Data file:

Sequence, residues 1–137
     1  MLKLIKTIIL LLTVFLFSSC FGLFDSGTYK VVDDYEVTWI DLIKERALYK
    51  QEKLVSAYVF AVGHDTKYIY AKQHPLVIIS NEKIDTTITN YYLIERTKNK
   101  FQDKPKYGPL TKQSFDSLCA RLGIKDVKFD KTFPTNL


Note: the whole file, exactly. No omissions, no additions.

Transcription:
Sequence, residues 1–137
     1  MLKLIKTIIL LLTVFLFSSC FGLFDSGTYK VVDDYEVTWI DLIKERALYK
    51  QEKLVSAYVF AVGHDTKYIY AKQHPLVIIS NEKIDTTITN YYLIERTKNK
   101  FQDKPKYGPL TKQSFDSLCA RLGIKDVKFD KTFPTNL